# Measure of a set of irrational numbers

Let $A$ be a set of all irrational numbers $\rho \in (0, 1)$ represented as a continued fraction $\rho=[a_{1}, a_{2},...,a_{n},...],$ such that $a_{n}\leq \text{const}\cdot n^{\epsilon}$ for some $\epsilon \in (0, 1/2).$ ($\epsilon$ and const are fixed.)

Question: Is the Lebesgue measure of the set $A$ positive? How can I find this measure?

Your set has measure zero by theorems of Khinchin. First a theorem of Khinchin shows that for almost all real numbers $x$ (i.e. outside a set of measure zero) one has $$\lim_{n\to \infty} \frac{\log q_n}{n}= C$$ for a positive constant $C$. Here $p_n/q_n$ are the convergents of $x$. So almost surely, the denominators $q_n$ are exponential in $n$. In fact the constant $C$ here is known to be $\pi^2/(12 \log 2)$ -- the Levy or Khinchin-Levy constant.
Next another Theorem of Khinchin shows that for almost all $x$ one has infinitely many approximations $p/q$ with $$\Big| x-\frac{p}{q}\Big| \le \frac{1}{q^2\log q}.$$ Here what is used is that $\sum_q 1/(q\log q)$ diverges.
Putting both results together (and since continued fractions give best rational approximations) we see that for almost all $x$ we have infinitely many $n$ such that $$\Big| x-\frac{p_n}{q_n} \Big | \le \frac{C}{n q_n^2},$$ for some positive constant $C$. Now recall that for any $x$ we have $|x-p_n/q_n|$ is about size $1/(q_nq_{n+1})$ and $q_{n+1}$ is about size $a_{n+1}q_n$. Therefore it follows from the above inequality that for infinitely many $n$ one has $a_n \ge cn$ for some constant $c>0$.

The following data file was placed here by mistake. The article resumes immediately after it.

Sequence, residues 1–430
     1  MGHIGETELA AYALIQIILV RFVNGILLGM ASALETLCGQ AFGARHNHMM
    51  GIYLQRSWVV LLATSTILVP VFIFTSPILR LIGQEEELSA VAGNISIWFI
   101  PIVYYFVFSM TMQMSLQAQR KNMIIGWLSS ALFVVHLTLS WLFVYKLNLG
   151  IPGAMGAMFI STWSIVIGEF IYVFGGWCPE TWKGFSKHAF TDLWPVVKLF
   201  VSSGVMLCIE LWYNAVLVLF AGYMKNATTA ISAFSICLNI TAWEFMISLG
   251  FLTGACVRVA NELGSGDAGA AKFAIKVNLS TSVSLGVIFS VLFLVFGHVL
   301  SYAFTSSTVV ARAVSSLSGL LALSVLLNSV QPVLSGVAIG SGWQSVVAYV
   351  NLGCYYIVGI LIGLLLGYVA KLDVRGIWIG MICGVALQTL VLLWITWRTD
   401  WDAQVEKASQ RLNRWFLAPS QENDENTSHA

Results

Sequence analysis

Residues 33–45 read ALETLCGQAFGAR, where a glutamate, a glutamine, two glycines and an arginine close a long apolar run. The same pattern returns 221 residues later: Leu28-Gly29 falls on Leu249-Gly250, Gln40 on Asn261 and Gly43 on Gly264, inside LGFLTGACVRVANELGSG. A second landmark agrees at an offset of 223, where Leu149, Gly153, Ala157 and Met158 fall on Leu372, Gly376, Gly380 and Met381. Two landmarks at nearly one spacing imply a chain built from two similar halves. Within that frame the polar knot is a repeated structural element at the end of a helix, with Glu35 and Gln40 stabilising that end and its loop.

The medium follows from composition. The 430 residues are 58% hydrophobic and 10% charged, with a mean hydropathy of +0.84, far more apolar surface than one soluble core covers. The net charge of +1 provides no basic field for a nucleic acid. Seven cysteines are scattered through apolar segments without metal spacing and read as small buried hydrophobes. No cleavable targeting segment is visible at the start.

Edit: I just got the chance to look at Khinchin's book Continued Fractions, and he discusses this question explicitly in Theorem 30 of that book (page 63 in the Dover edition). Let $\phi(n)$ be an arbitrary positive function ($n\in {\Bbb N}$). Then the inequality $a_n \ge \phi(n)$ is satisfied for infinitely many $n$ for almost all real numbers $x$, provided $\sum 1/\phi(n)$ diverges. On the other hand if $\sum 1/\phi(n)$ converges, then this inequality is satisfied for only finitely many $n$ (and almost all $x$).
• Thank you very much for your answer. How is it follow $a_{n}\geq cn$ from last inequality? Can you explain it please. Mar 26, 2014 at 3:50
• From properties of continued fractions one knows that $|x-p_n/q_n|$ is roughly $1/(q_nq_{n+1})$ and also $q_{n+1}$ is roughly $a_{n+1}q_n$. So the LHS of the last inequality is about $C/(q_n^2 a_{n+1})$ and now you get that $a_{n+1} \ge c n$. Does that make sense? Mar 26, 2014 at 4:08